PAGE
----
Born in Dodge City, Kan., in 1936, Hopper had a colorful career in Hollywood.
The 1969 film "Easy Rider," which Hopper wrote, directed and starred in, made him a major player in Hollywood.
"It was a movie that, it was a classic, almost an immediate classic, and people went to see it and people came back to the theater and saw movies again, so it was quite remarkable," Hopper told ABC News entertainment correspondent Bill Diehl.
But Hopper's next project, 1971's "The Last Movie," was considered an expensive, drug-addled flop.
Before "Easy Rider," Hopper had acted alongside James Dean in "Rebel Without a Cause" and "Giant."
He received two Oscar nominations during his career, one for writing "Easy Rider" along with co-star Peter Fonda and Terry Southern, and the other for playing an alcoholic high-school basketball coach in the 1986 film "Hoosiers."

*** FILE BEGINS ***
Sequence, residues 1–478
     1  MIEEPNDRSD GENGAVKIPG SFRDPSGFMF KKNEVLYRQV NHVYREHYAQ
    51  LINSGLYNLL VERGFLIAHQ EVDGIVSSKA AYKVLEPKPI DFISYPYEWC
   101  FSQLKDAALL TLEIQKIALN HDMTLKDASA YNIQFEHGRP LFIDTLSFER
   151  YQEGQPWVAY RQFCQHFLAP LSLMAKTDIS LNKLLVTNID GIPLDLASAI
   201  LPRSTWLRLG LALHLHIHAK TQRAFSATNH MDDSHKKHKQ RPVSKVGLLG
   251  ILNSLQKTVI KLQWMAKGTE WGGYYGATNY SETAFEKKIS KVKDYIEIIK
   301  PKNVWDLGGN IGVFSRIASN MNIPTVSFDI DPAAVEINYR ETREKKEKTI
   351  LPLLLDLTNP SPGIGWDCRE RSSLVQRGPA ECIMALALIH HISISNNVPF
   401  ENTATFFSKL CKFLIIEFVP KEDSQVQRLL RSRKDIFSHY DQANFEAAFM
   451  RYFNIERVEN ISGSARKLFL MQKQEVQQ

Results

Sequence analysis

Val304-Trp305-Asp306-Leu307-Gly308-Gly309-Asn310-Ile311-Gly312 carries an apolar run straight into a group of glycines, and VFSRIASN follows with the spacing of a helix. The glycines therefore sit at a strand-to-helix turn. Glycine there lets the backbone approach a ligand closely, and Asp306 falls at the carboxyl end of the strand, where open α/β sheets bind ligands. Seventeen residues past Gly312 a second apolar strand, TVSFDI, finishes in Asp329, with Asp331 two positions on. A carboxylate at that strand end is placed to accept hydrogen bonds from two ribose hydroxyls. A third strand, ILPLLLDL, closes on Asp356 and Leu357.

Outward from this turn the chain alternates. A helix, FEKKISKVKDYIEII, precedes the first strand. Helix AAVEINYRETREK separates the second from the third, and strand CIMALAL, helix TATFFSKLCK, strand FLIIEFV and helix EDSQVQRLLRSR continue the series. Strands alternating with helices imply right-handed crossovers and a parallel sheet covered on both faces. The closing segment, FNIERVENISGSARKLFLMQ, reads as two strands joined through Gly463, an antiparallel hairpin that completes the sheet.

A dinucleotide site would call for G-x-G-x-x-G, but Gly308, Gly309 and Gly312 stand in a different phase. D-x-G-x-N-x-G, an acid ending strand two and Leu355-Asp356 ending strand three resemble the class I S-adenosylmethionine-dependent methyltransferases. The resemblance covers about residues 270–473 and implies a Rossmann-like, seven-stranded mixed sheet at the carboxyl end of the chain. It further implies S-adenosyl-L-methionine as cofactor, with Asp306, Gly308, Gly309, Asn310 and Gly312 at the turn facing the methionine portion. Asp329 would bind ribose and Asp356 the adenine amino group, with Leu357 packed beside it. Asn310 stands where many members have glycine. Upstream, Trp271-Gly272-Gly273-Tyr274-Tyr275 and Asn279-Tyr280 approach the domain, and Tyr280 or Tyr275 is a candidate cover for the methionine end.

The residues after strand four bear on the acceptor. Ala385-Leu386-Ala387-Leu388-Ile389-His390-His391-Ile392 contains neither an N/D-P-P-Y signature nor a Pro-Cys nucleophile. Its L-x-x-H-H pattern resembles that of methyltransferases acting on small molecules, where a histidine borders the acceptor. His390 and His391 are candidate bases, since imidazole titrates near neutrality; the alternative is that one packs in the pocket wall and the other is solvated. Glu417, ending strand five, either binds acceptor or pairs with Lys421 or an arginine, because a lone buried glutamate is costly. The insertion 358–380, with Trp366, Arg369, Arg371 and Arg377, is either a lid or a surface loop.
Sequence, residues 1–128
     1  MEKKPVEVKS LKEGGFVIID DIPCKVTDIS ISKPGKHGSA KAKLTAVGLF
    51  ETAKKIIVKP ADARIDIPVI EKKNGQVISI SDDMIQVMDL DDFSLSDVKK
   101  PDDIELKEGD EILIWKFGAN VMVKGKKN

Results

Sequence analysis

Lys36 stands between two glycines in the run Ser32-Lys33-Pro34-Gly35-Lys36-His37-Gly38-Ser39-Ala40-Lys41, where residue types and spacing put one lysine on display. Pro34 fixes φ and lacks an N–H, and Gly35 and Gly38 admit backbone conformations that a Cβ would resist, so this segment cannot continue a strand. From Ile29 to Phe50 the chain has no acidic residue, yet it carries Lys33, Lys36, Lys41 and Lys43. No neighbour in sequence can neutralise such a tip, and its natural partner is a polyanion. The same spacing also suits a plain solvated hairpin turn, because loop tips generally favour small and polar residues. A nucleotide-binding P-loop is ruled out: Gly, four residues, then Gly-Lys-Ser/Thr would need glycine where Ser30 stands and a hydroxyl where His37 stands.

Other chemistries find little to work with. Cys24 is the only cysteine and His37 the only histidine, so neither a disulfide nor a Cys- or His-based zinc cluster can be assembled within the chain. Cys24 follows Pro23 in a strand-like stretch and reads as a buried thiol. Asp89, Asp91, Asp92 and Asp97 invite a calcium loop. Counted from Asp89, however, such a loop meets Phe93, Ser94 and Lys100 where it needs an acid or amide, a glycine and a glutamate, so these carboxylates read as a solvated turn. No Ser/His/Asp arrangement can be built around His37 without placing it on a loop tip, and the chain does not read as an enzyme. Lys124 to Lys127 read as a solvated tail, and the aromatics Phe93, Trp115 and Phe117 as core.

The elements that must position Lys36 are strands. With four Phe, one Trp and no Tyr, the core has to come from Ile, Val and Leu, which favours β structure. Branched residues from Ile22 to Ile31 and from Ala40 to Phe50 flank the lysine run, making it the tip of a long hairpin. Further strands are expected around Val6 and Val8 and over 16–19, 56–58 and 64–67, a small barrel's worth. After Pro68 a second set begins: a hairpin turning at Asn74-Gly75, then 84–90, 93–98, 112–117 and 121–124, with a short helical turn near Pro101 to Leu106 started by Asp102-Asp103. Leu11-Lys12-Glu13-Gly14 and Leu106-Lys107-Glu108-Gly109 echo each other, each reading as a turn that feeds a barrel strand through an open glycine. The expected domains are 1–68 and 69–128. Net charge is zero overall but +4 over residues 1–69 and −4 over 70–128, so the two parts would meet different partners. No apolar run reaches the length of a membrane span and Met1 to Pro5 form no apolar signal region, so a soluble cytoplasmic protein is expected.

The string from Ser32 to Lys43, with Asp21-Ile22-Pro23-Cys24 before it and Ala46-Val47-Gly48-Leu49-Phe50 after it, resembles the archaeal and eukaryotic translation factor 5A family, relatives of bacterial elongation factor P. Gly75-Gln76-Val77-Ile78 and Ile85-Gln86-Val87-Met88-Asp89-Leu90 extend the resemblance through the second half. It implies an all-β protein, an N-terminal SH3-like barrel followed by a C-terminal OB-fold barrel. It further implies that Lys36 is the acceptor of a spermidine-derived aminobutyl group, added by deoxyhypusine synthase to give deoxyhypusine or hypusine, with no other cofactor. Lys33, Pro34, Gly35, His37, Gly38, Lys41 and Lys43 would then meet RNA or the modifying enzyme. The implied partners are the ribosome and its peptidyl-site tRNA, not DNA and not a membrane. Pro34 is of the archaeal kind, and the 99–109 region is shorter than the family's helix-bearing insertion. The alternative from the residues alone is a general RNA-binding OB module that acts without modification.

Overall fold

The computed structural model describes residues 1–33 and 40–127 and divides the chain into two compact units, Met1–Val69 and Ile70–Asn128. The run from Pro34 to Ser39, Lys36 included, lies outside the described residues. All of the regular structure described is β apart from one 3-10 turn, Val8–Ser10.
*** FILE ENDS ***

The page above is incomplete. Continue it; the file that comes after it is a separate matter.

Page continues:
"It's just inspirational," Hopper once said of "Hoosiers" in an American Film Institute interview. "I have so many coaches come to me and so many players. ... They're all watching 'Hoosiers' suddenly. And it's the first time in my career, because I've played so many villains, that little kids come up to me and call me coach."
Hopper's more recent work included a major role in the TV series "Crash."
Asked in a 1990 interview about being called a Hollywood legend, Hopper told Diehl, "I guess if I really stop and think about it, which I try not to do, I guess I've known a lot of people. I've been very lucky to be in a lot of places. And I guess there's an old adage: 'If you just live long enough ...'"
ABC News Radio contributed to this report.